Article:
While up there, we:
  • learned what an ax, splitting maul, and wedge are (and that we need to better maintain ours)
  • learned what woods are best for starting and maintaining a fire
  • learned how to identify wood that is dry and ready for use
  • learned gun safety and how to load and shoot a .22




I found that old hobo stove near the campfire. It is a homemade cook stove made from a #10 can. Jordan made this during part 1 of our preparedness curriculum, Prepare & Pray. It had a small wire rack on top for heating foods.

Another project was to add a ruffle to a dress that was too short. Eliana had a sweater dress that still fit but was now too short, so I added fabric to make it longer. I bought just enough to lengthen it, but wish that I had bought more to make it an actual ruffle. I didn't bother hemming it because I didn't have pink thread and followed the motto: Use it up, wear it out, make it do, or do without. 


Another preparedness effort on the home front includes cooking from scratch and baking again. This is our Sabbath bread...

Nathan made the beautiful cutting board in Wood Shop this year. 

Eliana and I made it half sprouted wheat and half white wheat. I taught her how to roll the dough into ropes and braid it and then brush with egg wash. I also made a batch of sticky buns and cinnamon rolls with the other half of the dough for Sabbath morning. I have not baked like this regularly for almost 2 years - since I started Trim Healthy Mama. I am still tempted and I have a little, but I don't indulge like I would have before. Eventually, I'll make this whole sprouted grain and enjoy it as a crossover with butter.

It saves us money when I bake. In fact, I am baking my own bread for me - the Soft Sprouted Bread from the new Trim Healthy Mama cookbook instead of buying Ezekiel bread. (I buy the sprouted flour from Azure Standard). 


Here it is sliced and each slice wrapped individually to freeze, which makes it easier to pull out after it freezes.

Our Dream Community Food Ministry

One of our assignments in Unit 2 was to design some basic ground rules for a food ministry based on Scripture. Who qualifies for help? How long? What conditions? We looked at the book of Ruth and the law of harvesting:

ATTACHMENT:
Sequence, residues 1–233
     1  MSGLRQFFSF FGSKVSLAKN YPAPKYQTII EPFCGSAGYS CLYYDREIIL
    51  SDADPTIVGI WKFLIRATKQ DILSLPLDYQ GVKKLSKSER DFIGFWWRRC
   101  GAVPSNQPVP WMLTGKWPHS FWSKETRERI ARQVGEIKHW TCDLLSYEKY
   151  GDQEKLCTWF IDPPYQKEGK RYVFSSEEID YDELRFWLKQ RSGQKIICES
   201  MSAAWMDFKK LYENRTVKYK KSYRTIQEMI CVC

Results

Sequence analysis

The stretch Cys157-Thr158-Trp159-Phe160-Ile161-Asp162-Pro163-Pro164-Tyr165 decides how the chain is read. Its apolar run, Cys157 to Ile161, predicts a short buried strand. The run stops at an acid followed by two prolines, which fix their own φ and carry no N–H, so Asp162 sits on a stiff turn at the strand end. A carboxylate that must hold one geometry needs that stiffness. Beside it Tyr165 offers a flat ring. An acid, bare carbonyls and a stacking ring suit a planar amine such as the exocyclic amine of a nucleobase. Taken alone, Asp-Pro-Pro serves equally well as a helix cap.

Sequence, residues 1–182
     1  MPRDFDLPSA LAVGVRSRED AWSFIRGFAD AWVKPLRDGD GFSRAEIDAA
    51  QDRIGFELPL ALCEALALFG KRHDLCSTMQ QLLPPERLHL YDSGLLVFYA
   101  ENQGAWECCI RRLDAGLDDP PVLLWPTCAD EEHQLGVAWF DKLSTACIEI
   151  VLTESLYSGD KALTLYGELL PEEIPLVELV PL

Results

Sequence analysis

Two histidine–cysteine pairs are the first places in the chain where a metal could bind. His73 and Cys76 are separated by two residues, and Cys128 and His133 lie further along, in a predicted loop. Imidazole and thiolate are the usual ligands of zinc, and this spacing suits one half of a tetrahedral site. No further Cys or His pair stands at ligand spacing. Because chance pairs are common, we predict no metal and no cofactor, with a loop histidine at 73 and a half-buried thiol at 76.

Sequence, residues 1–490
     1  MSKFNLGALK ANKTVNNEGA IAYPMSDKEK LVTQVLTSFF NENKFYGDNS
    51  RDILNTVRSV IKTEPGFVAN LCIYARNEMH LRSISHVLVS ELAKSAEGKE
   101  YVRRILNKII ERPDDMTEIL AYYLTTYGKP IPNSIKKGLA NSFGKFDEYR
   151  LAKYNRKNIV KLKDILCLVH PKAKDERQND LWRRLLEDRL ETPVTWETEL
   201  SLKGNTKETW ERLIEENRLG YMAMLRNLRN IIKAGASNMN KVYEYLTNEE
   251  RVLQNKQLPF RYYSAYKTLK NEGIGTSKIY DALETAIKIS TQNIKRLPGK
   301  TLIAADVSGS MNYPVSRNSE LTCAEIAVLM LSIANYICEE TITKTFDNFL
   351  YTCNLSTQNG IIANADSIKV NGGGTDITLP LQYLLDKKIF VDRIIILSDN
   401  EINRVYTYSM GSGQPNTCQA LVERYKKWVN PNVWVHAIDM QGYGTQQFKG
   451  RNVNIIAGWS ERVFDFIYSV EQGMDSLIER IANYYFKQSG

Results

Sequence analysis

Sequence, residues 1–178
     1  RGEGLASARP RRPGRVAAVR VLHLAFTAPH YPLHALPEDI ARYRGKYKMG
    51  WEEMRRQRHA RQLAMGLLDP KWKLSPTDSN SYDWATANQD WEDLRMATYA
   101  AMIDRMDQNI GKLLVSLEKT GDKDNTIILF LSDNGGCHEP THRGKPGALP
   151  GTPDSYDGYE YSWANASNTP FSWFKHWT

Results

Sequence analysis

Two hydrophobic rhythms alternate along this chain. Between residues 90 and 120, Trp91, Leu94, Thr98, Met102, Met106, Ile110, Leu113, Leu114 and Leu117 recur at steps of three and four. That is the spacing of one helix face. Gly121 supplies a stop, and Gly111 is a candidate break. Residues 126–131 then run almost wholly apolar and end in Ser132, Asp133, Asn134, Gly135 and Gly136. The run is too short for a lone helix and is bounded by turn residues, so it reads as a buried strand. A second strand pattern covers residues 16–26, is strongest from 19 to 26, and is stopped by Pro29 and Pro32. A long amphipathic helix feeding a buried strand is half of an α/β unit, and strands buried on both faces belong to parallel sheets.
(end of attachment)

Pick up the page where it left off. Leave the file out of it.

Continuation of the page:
"'When you reap the harvest of your land, do not reap to the very edges of your field or gather the gleanings of your harvest. Leave them for the poor and for the foreigner residing among you. I am the LORD your God.'" (Leviticus 23:22) 

"Gather the gleanings" means to pick up what you drop when you are gleaning. Boaz instructed his harvesters to drop extra for Ruth as she was gleaning behind them.

This led us to discuss the correlation between eating and willingness to work hard. We looked up verses on the consequences of being lazy, and we all agreed that if we had a community food ministry that people would qualify if they were willing and physically able to work or unable to physically work but willing. We liked the idea of a community garden plot, chickens for eggs, goats for milking for young children, and a storehouse. Members would be provided with seeds and taught how to heirloom garden, care for chickens, collect eggs, and milk the goats. The storehouse would contain bulk grains and we would teach people how to preserve, store, and cook whole foods. It is a lot of work to prepare your own food! Growing your own food, harvesting and preserving it, and grinding grain, baking bread, and cooking from scratch is certainly hard work in our culture today. Grabbing pre-made convenience foods is very tempting and a time saver for sure, but we must be willing to work hard to afford those types of foods if we want them.

So this was about 3 weeks of curriculum and took us through the end of November. We've done the reading and discussion for the next unit, but the hands-on projects for this lesson are more involved. I have what I need now to do at least one of them, but we haven't started it yet. To be honest, all the hands-on stuff has been great, but overwhelming at times. It is much easier to read aloud with Sonlight and do our daily lessons, so we've mostly been doing that these past few weeks while I work on a few personal projects. :) 

5 comments:

Megan Russell said...

Wow! This curriculum looks amazing. Definitely something my older ones would enjoy! Yall packed alot of fun and learning into these past weeks!! My kids loved the Sign of the Beaver, and so did I!

Abby said...

What fun and practical learning! Such a great experience to have as a family!

Margaret Chind said...

What a great post! We haven't read these yet, but The Sign of the Beaver is on our list for the next year or two.

... chasing slow said...

This post makes me want to pull this out of my upcoming "for sale" books. I am so torn with wanting to do everything I see that is fun and functional.

(((missing you)))

Monarch Room said...

Oh my goodness! What a beautiful post. There's just too much goodness all wrapped into one! Looks like SO much fun! Your lavender salve looks so soothing. That bread...oh my!